Palo Alto, Calif. • By some measures, Tony Bates has accomplished a lot at Skype since Microsoft paid $8.5 billion for the Internet calling service.
The statistics tell the story. In seven months, the number of people using the service each month has jumped 26 percent to nearly a quarter of a billion, affirming Skype’s status as one of the crown jewels of consumer Internet services.
But the deal, the biggest acquisition in Microsoft’s history, will ultimately be judged by whether Microsoft can weave the product deeply into its vast product portfolio, providing a superior Skype experience on products as various as Windows PCs and Xboxes. In that regard, Bates, who was previously the CEO of Skype and became president after the deal, and his Microsoft colleagues have not yet delivered.
“It’s still promising and intriguing, but we really haven’t seen it rolled out across the products,” said Bill Whyman, an analyst at ISI, an investment research firm.
One important milestone will come this year, when Skype is expected to release a preliminary version of its calling software that runs on Windows 8, a coming overhaul of Microsoft’s flagship operating system intended to work well with touch-screen computers. The idea that Skype can give Windows and other Microsoft products an edge is the only way the company can justify the high price it paid, analysts say.
Bates is performing a tricky balancing act in Microsoft. As part of the deal, Microsoft gave Skype a longer leash than it grants most of its divisions, even allowing Bates to work in Silicon Valley — important not least for its symbolism. With offices scattered across time zones in Sweden, Estonia, Luxembourg, Prague and London, Skype is the only Microsoft division located almost entirely outside the parent company’s Seattle-area home base.
In an interview in his spacious office here in Palo Alto, Bates, an affable Briton, said he insisted that his employees receive new security badges stamped with the Skype logo, not the standard Microsoft badges.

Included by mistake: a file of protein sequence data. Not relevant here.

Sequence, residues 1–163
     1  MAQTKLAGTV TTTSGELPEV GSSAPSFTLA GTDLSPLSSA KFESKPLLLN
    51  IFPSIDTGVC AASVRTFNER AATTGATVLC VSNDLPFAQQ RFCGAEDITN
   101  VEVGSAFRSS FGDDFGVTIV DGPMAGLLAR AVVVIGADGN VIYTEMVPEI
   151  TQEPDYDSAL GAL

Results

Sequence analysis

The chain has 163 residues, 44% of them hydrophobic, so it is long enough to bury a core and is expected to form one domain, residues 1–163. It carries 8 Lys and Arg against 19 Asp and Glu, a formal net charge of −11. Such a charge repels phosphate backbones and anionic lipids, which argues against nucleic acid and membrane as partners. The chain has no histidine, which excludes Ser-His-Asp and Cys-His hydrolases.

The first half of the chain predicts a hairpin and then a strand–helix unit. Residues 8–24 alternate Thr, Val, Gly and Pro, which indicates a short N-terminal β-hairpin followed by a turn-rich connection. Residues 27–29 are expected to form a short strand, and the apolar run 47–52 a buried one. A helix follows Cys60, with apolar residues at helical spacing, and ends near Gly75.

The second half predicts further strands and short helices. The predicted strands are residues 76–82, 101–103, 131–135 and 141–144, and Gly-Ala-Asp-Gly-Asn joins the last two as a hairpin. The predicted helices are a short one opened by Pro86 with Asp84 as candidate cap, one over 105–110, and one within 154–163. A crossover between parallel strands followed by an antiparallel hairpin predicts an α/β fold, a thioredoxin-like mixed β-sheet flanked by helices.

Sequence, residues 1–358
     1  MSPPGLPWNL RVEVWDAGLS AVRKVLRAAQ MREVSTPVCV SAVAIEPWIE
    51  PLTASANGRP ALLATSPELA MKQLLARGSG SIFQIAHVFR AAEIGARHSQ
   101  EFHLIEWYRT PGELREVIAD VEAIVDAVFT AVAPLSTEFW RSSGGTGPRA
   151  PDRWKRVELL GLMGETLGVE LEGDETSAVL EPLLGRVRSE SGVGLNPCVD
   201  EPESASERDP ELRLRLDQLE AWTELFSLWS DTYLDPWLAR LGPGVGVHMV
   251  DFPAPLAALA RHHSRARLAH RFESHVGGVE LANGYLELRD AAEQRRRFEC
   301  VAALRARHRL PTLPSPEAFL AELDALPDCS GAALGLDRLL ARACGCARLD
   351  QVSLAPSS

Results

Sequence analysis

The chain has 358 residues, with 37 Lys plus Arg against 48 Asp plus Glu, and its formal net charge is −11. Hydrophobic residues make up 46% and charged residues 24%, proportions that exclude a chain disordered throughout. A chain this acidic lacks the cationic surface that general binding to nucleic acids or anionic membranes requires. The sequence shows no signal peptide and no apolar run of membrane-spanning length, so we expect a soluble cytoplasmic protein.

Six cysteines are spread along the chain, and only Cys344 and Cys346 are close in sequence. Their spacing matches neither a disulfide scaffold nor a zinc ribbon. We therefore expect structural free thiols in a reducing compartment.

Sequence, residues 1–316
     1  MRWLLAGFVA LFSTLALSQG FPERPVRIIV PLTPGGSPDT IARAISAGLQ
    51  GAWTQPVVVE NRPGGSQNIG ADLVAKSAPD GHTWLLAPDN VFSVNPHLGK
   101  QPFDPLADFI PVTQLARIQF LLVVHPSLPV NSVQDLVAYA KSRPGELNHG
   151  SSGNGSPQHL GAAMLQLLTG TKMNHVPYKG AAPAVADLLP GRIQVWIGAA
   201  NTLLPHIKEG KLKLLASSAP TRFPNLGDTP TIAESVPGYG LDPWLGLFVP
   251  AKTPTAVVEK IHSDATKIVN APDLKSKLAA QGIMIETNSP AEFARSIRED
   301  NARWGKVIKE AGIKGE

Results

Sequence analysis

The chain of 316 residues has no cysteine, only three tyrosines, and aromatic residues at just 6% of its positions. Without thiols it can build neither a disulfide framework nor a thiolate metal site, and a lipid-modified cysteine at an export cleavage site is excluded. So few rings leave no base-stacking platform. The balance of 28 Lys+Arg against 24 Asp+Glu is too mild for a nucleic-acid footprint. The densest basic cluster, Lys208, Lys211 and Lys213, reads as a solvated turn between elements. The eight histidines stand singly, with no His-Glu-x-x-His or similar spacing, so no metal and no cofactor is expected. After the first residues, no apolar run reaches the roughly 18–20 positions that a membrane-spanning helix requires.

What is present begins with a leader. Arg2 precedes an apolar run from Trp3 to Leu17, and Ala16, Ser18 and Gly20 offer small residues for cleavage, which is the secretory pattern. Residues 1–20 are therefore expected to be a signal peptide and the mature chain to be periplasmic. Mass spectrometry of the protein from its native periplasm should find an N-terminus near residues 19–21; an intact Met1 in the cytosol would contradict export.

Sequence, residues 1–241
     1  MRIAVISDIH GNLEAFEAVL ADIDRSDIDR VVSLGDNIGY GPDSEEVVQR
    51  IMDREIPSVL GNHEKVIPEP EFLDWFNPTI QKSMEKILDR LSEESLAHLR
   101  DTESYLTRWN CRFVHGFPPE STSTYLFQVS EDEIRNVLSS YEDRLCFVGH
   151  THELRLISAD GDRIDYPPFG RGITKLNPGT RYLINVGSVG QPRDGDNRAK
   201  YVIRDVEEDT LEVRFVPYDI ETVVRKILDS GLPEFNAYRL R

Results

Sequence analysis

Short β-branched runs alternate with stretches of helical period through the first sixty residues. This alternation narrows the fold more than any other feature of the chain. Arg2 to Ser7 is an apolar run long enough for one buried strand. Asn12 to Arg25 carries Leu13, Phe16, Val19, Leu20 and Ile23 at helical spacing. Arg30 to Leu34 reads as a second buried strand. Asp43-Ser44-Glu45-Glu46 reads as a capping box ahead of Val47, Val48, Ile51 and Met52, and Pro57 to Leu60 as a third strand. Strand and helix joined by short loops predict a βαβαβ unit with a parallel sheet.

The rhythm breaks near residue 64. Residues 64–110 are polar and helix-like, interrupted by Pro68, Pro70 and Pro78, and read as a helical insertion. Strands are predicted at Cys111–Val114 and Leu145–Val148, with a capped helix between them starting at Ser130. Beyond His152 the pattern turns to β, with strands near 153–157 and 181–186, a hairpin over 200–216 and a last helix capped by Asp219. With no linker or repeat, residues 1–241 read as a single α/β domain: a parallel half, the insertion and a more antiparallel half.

Another sign of his independence is the Apple MacBook Air on his desk. Although using Apple products publicly is not unheard-of among Microsoft executives, it is nevertheless considered a mild form of sacrilege at a company where everyone is expected to fly the Windows flag.
“We’ve kept our identity and our autonomy,” Bates, 45, said.
The distance has helped Skype stay true to its mission of allowing people to make calls from practically any device connected to the Internet, not just the ones powered by Microsoft software. Skype is the fourth-most-downloaded free app of all time for both the iPhone and iPad.
The level of attention to building software for other companies’ devices is remarkable at Microsoft, a company for which Windows and related software products account for a vast majority of profits. While most Skype calls still happen on Windows PCs, much of Skype’s growth is likely to come from new mobile devices, a category in which Microsoft is struggling to play a major role.
When Microsoft announced plans to acquire Skype a year ago, some skeptics feared it would be just a matter of time before Microsoft began turning Skype into a communications network for its own products, treating all the smartphones, tablets and other non-Microsoft devices that Skype ran on as an afterthought.
Beloved for its cheap and free Internet calls, Skype’s use has continued to grow briskly, jumping 40 percent to 100 billion minutes of calls in the first three months of this year from the same period last year.
Still, Bates and other Microsoft executives cannot afford for Skype to be too independent.
Microsoft plans to integrate Skype into Lync, a Microsoft communications product aimed at businesses. Another priority is making Skype video conferencing work on Microsoft’s Xbox 360 console, although that product is not likely to be released this year.
In a sign of the investment Microsoft is making in its new acquisition, Skype has about 400 job openings, Bates said.